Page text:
Sound — 7
The journey of Yellowcard has been one full of sprints, stalls, retreats and retreads. After their violin-laced pop punk sound caught the attention of Capitol Records in 2002, their breakthrough run with the major label came with its own trials and tribulations, including an arguably unsuccessful attempt to pivot to a moodier alt-rock sound in 2006's "Lights and Sounds," and growing tensions within the band resulting in the contentious departures of founding lead guitarist Ben Harper and bassist Peter Mosely. Going on a relatively short hiatus after their run with Capitol, Yellowcard's recent streak of albums showed another spell of aspiration culminating, and after the well acclaim of 2011's "When You're Through Thinking, Say Yes" and 2012's "Southern Air," the band signed with Razor & Tie to release 2014's "Lift a Sail," a record that strongly deviated from their pop punk style, shifting into an arena rock sound with much more pop music production value.
Though it didn't receive as much negative feedback as "Lights and Sounds," the absence of pop punk in "Lift a Sail" was destined to polarize the band's listeners, and though Yellowcard touted their recent signing with Razor & Tie as a multi-record deal, things changed shortly after, with the band resigning to Hopeless Records and announcing their upcoming tenth album would be their last.
Given the prior plans abandoned, the announcement was quite a whiplash of a situation, but in the band's self-titled final album, Yellowcard do a better job threading the needle between their roots and their pop rock aspirations. With the opening pop rockers of "Rest in Peace" and the electronica-addled "What Appears" crafted with some 7/4 measurements to give them more intrigue than the pop rock output of their previous album, Yellowcard dive back into the pop punk pool in "Got Yours" and "Savior's Robes," the former boasting some great bass riffs from Josh Portman, and the latter working in a gentle post-rock break in the middle for a more dynamic offering.
Beyond building a bridge between their pop punk roots and their recent pop rock inclinations, Yellowcard bring forth even more styles in "Yellowcard." The indie rock flavor in "The Hurt Is Gone" sounds like Bloc Party with Smashing Pumpkins-style string sections, and they tend to their soft side in the piano & strings ballad of "Leave a Light On" and the country folk cut of "I'm a Wrecking Ball." Though some songs make less of an impact, like the more elementary arena rocker "Empty Street" and the folk-tinged power ballad "Fields & Fences" climbing up to a Coldplay-esque crest that's more meek than rousing, the majority of "Yellowcard" offers a nice variety of sounds.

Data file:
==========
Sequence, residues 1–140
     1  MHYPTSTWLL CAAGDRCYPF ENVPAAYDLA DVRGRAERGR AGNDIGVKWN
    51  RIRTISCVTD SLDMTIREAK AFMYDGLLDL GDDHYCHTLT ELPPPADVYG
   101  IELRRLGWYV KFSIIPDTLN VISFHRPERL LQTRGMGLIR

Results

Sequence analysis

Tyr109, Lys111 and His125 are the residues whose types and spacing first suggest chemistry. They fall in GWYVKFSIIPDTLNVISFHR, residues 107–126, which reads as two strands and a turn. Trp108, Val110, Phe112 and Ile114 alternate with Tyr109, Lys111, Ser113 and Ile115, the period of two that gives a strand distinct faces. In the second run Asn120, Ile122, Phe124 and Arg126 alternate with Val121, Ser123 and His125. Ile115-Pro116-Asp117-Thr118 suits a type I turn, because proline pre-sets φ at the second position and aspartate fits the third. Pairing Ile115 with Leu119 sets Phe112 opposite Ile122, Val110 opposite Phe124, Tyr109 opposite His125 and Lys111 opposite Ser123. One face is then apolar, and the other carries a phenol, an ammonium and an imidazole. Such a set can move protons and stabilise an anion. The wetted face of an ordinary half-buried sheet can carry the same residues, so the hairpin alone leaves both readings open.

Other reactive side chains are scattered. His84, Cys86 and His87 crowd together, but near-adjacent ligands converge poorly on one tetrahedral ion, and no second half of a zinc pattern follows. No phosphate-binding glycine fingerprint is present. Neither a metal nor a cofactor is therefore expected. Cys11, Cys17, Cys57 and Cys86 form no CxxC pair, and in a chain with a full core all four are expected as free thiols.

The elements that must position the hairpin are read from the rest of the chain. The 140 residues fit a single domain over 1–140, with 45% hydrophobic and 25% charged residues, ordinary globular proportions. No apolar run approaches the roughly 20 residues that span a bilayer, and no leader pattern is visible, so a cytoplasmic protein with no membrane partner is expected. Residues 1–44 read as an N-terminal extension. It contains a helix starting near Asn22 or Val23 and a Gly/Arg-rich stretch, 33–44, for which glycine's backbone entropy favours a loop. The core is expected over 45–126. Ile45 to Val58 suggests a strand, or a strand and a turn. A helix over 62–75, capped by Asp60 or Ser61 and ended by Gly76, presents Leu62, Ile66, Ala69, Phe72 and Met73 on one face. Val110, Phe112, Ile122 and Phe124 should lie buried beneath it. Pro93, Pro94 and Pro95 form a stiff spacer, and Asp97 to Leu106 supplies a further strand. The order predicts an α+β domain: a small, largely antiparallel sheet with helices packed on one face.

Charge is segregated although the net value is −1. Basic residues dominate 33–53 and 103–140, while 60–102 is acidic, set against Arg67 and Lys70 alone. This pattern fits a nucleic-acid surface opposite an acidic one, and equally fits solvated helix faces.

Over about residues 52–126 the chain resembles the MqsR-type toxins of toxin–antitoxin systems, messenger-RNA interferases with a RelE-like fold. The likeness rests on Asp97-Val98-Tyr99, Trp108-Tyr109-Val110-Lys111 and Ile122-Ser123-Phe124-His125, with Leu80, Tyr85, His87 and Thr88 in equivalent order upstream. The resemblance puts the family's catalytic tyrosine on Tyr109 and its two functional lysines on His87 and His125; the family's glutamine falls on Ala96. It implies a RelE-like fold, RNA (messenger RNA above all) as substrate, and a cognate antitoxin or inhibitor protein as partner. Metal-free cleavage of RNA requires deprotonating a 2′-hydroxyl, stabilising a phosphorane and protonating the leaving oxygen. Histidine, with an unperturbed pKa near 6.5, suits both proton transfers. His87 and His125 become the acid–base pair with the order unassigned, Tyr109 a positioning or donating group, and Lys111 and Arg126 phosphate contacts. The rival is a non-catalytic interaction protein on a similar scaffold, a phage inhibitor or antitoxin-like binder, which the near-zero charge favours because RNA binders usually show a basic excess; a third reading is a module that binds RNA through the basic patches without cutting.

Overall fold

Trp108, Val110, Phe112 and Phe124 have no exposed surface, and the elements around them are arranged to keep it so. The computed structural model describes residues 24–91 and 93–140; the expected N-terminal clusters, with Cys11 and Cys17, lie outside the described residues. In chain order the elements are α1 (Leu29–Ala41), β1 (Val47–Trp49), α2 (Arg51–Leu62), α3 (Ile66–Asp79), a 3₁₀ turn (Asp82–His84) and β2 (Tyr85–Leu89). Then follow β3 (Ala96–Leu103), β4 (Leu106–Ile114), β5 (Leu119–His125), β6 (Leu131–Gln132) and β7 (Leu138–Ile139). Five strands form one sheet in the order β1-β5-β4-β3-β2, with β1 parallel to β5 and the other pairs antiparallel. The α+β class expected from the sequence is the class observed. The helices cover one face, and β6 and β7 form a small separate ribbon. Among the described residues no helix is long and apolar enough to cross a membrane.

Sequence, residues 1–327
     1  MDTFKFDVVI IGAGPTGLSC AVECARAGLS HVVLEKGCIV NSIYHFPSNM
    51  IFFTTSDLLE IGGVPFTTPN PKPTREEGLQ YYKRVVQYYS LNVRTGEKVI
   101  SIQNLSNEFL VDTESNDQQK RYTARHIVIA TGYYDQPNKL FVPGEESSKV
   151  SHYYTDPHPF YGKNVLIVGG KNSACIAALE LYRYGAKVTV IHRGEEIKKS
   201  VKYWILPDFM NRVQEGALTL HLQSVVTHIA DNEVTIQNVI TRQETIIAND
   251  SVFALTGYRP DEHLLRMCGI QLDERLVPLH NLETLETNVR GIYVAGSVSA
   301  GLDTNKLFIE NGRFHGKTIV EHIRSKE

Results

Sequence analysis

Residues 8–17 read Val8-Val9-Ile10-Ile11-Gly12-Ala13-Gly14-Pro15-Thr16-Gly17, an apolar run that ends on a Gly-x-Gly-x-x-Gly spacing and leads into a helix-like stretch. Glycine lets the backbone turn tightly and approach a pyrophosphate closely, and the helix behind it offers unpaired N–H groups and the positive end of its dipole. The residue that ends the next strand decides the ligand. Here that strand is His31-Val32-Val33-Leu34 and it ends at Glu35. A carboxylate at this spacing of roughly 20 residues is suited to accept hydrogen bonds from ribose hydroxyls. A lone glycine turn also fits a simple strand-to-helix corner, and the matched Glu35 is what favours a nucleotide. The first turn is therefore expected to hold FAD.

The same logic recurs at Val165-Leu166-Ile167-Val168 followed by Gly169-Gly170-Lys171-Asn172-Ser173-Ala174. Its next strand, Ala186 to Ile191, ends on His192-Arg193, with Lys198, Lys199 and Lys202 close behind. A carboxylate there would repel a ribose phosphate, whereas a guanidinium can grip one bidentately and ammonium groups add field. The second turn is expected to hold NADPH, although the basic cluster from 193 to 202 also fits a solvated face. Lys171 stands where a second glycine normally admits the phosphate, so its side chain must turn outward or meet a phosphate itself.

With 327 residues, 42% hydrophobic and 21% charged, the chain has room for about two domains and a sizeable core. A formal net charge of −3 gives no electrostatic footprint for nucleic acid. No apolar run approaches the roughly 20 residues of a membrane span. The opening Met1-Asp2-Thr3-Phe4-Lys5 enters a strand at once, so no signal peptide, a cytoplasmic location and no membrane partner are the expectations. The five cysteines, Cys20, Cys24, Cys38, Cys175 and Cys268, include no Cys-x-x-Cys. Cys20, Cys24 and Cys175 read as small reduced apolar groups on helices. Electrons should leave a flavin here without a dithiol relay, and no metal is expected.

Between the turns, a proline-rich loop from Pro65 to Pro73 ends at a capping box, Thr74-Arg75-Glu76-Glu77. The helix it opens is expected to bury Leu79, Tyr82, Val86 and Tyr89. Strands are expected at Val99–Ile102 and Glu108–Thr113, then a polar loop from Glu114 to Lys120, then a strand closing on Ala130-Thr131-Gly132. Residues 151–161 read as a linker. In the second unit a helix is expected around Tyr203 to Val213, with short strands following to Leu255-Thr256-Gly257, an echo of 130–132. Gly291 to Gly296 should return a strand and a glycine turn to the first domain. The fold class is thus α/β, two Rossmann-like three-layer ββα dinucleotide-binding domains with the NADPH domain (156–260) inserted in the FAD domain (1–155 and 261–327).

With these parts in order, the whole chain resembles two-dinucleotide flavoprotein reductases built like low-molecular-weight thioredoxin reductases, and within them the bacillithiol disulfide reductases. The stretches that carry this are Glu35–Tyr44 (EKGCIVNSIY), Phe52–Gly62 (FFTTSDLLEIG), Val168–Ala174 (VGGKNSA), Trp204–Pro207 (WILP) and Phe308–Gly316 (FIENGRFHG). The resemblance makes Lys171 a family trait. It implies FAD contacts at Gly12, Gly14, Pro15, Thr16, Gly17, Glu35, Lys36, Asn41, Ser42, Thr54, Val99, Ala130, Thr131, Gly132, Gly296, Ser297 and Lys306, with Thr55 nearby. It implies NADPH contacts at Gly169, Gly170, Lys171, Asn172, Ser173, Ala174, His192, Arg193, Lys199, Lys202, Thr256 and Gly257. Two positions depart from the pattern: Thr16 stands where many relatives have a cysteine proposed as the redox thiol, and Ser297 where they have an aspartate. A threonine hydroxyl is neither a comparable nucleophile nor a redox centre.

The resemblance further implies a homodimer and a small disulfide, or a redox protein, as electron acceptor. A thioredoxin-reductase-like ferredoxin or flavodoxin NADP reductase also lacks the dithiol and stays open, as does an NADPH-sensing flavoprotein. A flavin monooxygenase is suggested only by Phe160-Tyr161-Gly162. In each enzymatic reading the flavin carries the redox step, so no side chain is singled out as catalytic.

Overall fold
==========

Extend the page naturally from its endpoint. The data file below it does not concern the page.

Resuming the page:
Lyrics — 7
Still dishing out his lovey-dovey subject matter, Ryan Key's lyrics in "Yellowcard" gravitate towards themes of reconciliation, resolution, and closure, likely to run in synch with the status of the album being the band's last. With songs like "Got Yours" and "A Place We Set Afire" highlighting the importance of those going their separate ways for their own sake, Key's messages of rebuilding bridges in "Rest in Peace" ("Could we forgive somehow, could we let it rest in peace?") and "Leave a Light On" ("Don't let the past become the reason you're not here / I hope to see the day you're walking up the drive / To come back inside") applies just as much to former paramours as it does his former bandmates whom he hopes can put past conflicts aside. In more direct references to the subject of the band's run and impending breakup, however, Key doesn't shy away from chiding the fickle feelings of listeners who have derided Yellowcard from not sticking to their classic style and material in "Savior's Robes" ("Play us a song I know / Make it an older one / Don't you get it?"), though that still doesn't stop him from voicing his gratitude for all the support throughout their career in "What Appears" ("Slow steady hands waving their last goodbye / They've come a long way / They've carried me, they've carried me through waking dreams").
Overall Impression — 8
With the last several Yellowcard albums displaying an ebb and flow of aspirations to make music beyond their signature pop punk style, their very last album effort of "Yellowcard" succeeds in finding a happy medium between their familiar strengths and new sonic endeavors. Not every moment is a hit, but between the substantial pop punk moments and the handful of different genres brought to the table, Yellowcard's desire to create an eclectic and full-bodied record finally hits the mark in "Yellowcard," ending the band's discography on a victorious note.